Thiago Maia explains how to incorporate your animations into real-world backgrounds
- Software After Effects CS5
- Time needed 2-3 hours
- Creating basic expressions
- Use of blending modes and Track Matte functionality
- Adding animation to a real image
Have you ever seen a commercial where an animated character is painted onto a real background and wondered how it was done? Using a brick wall example, I'll show you the techniques needed to animate a character into a real-life scene - without making a mess or getting your hands dirty with paint. I'll also share some tips for making your character seem as though it has been painted directly onto its background.
For this tutorial we will be using After Effects and some composite tricks - such as blending modes, alpha mattes and simple expression techniques - to achieve a realistic look in your animation. Once mastered, you'll be able to apply the same processes to your own character animations and to more complex projects.
01 Open After Effects, unzip the support files and open main.aep from the After Effects folder. Create a new composition at 1024x576 pixels, 25fps and 3 seconds long, and name it 'Character On Wall'. The size and frame rate is important as we'll be working with television resolution. When you're ready, drag background_plate.tif and Character_Animation.mov from the Assets folder in the Project Panel over to your timeline.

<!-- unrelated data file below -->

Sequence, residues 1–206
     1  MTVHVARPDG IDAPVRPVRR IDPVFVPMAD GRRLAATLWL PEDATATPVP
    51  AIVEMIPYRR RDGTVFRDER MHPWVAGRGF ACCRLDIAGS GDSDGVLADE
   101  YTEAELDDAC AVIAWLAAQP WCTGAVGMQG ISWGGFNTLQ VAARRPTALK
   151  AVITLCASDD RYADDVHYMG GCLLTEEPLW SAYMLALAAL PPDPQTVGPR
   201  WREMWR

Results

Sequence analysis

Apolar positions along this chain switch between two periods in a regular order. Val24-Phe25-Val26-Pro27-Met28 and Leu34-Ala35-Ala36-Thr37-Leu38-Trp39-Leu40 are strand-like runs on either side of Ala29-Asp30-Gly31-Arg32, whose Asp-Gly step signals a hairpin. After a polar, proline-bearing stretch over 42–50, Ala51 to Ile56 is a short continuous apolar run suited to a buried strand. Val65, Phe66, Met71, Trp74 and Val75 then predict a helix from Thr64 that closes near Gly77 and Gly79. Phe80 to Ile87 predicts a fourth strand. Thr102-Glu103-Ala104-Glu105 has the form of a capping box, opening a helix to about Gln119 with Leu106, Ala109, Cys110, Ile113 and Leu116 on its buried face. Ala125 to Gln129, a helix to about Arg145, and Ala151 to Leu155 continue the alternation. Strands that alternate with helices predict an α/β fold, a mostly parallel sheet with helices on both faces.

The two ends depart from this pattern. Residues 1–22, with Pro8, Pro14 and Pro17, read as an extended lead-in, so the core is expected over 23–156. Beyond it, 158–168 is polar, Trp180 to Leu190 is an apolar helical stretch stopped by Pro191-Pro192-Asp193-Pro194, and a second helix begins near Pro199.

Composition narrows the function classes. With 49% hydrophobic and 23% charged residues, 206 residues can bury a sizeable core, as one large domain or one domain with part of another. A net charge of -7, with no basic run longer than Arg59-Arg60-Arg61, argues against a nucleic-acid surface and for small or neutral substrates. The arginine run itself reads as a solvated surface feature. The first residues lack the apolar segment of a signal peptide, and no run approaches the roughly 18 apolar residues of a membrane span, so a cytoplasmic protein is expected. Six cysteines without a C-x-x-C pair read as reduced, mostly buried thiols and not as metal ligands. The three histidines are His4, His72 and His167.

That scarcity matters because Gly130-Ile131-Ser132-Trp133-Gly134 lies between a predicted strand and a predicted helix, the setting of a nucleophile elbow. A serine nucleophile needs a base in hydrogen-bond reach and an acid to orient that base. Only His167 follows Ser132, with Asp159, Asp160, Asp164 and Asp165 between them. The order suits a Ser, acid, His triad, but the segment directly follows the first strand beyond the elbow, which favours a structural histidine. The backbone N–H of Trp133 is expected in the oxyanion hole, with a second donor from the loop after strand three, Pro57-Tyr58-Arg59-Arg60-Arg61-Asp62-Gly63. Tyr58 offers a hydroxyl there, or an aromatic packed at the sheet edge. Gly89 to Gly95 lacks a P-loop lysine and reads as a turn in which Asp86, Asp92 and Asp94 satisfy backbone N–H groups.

02 Next, we will scale background_plate to about 50% (keyboard shortcut: S) and change the position of it so we can see the wall where we will add the animation.
03 Let's pre-compose the Character Animation.mov layer (Ctrl/Cmd+Shift+C). Leave the option 'Leave all attributes in "Character on Wall"' selected, and change the name to Character Animation. It's important to pre-compose the animation, so in the future we can change the animation without loosing everything. But before we move to the interesting part, let's scale the comp to about 70%, so we can fit it to the wall.